Update: March 2019 Report submitted to Canadian government 42nd Parliament, 1st Session: Report of the Standing Committee on Transport, Infrastructure and Communities, Assessing the impact of aircraft noise in the vicinity of major Canadian airports.
The Canadian federal government Standing Committee on Transport, Infrastructure & Communities is holding meetings in Ottawa to Assess the Impact of Aircraft Noise in the Vicinity of Major Canadian Airports. October 30, 2018 was Meeting 117. It’s urgent for Canadians across the country to contact this Committee to let them know your views on aircraft noise.
If you check the witnesses, they are heavily weighted towards Airport Authorities, NAV Canada, and Aerospace companies over individuals and community alliances.
Like most countries around the world, Canadian airport and aircraft noise levels are much higher than World Health Organization (WHO) 2018 Environmental Noise Guidelines recommended to protect public health. Now’s our chance as Canadians to flood this TRAN Standing Committee with aircraft noise science. I’ve drafted up a letter that I’m sending by email. Please feel free to use this information as needed for your own letters and emails.
Of course, this info can by used by people in other countries for their own governments since the science and public health crisis is the same worldwide.
Dear Standing Committee on Transport, Infrastructure & Communities,
Thank you for assessing the impact of aircraft noise in the vicinity of major Canadian airports.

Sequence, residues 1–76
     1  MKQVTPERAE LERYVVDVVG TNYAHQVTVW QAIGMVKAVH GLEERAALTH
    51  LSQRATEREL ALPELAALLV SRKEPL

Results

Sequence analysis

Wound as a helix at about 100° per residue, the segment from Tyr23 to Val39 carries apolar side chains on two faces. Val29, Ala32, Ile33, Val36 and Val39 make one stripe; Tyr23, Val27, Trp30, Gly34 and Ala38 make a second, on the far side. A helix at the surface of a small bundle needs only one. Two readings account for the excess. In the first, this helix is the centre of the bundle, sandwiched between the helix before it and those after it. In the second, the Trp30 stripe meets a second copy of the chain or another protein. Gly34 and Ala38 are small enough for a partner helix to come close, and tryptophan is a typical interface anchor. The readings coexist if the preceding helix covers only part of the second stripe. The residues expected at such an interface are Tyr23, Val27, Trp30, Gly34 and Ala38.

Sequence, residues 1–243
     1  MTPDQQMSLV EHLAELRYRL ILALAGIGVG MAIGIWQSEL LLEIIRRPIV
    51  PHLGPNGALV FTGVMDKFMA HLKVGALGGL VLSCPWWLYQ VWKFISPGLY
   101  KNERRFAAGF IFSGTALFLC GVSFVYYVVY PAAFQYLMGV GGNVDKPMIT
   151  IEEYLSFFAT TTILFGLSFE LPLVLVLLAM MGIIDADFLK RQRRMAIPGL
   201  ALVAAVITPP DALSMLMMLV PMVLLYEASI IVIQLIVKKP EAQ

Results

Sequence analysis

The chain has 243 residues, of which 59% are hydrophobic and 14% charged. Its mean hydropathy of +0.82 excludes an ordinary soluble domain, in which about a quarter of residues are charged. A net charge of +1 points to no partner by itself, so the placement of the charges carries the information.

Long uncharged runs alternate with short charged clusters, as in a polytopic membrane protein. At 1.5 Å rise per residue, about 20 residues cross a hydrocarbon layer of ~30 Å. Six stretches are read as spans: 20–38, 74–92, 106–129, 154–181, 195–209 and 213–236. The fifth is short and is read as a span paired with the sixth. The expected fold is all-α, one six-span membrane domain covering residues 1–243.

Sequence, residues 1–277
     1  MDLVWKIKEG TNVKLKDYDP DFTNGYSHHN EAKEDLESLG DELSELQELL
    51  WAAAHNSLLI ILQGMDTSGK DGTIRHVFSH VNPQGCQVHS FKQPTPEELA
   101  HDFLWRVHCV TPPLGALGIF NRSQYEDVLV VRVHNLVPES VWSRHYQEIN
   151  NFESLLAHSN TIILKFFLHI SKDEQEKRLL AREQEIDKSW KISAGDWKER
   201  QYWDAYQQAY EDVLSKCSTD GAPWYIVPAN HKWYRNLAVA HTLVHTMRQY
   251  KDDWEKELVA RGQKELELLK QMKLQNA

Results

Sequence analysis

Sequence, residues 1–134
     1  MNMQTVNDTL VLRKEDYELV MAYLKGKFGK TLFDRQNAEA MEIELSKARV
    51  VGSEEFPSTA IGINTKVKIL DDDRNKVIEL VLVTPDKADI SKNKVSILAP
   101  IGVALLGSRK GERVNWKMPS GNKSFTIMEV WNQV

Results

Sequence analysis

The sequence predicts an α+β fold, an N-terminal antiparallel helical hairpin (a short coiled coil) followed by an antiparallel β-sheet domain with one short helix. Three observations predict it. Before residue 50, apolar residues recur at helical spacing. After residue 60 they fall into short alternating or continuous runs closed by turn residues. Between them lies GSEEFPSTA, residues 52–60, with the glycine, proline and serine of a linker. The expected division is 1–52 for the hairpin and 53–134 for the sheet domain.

Please follow World Health Organization globally recommended noise limits for Canadian airports and aircraft. They provide robust public health advice, which is essential to drive policy action that will protect communities from the adverse effects of noise.
WHO (2018) Environmental Noise Guidelines recommends aircraft noise levels below 45 dB Lden (day/evening) outdoors to prevent adverse health effects.
WHO (2018) recommends aircraft noise levels below 40 dB Lnight outdoors to prevent adverse health and sleep effects.
Currently, airport noise contour maps show no major Canadian airport meets these noise limit guidelines. All are too noisy, and are causing a serious public health crisis.
Auditory and non-auditory effects of chronic environmental noise include hearing impairment, tinnitus, cardiovascular disease, cognitive impairment in children, sleep disturbance, metabolic changes from chronic stress, poorer quality of life, poorer well-being, and mental health problems.
Most vulnerable populations include children, the elderly, pregnant women, and people with pre-existing health conditions.
WHO guidelines date back to 1999, with body of scientific evidence rapidly increasing to date. The science on negative health impact of airport and aircraft noise is strong and undeniable.
Please implement noise control measures urgently, including suitable changes in infrastructure and other action plans to to control and reduce harmful effects. For example, EU countries and City of London Environment Strategy, UK, are developing action plans to protect their citizens from damaging environmental noise.
Please protect the health of all Canadians living in communities negatively impacted by aircraft and airport noise.
Instead of wasting more tax payer money on this Standing Committee, please transfer the money to a working group to develop an action plan to control and prevent aircraft noise in the vicinity of all Canadian airports, e.g. mandatory noise mapping, regular reporting, and mandatory noise control like source noise emission standards.
Sincerely, Jan L. Mayes MSc Aud(C), RAud
Certified & licensed Audiologist (Canada)
Send your letter or email to:
Standing Committee on Transport, Infrastructure and Communities
Sixth Floor, 131 Queen Street
House of Commons
Ottawa ON K1A 0A6
Website: TRAN Committee on Aircraft Noise Impact
Note: if you include links in your email it will likely go to spam. I got a reply. Trans will get all input translated (English/French) and post it on their website. Every piece of input counts!
[Photo credit ThePixelman on pixabay]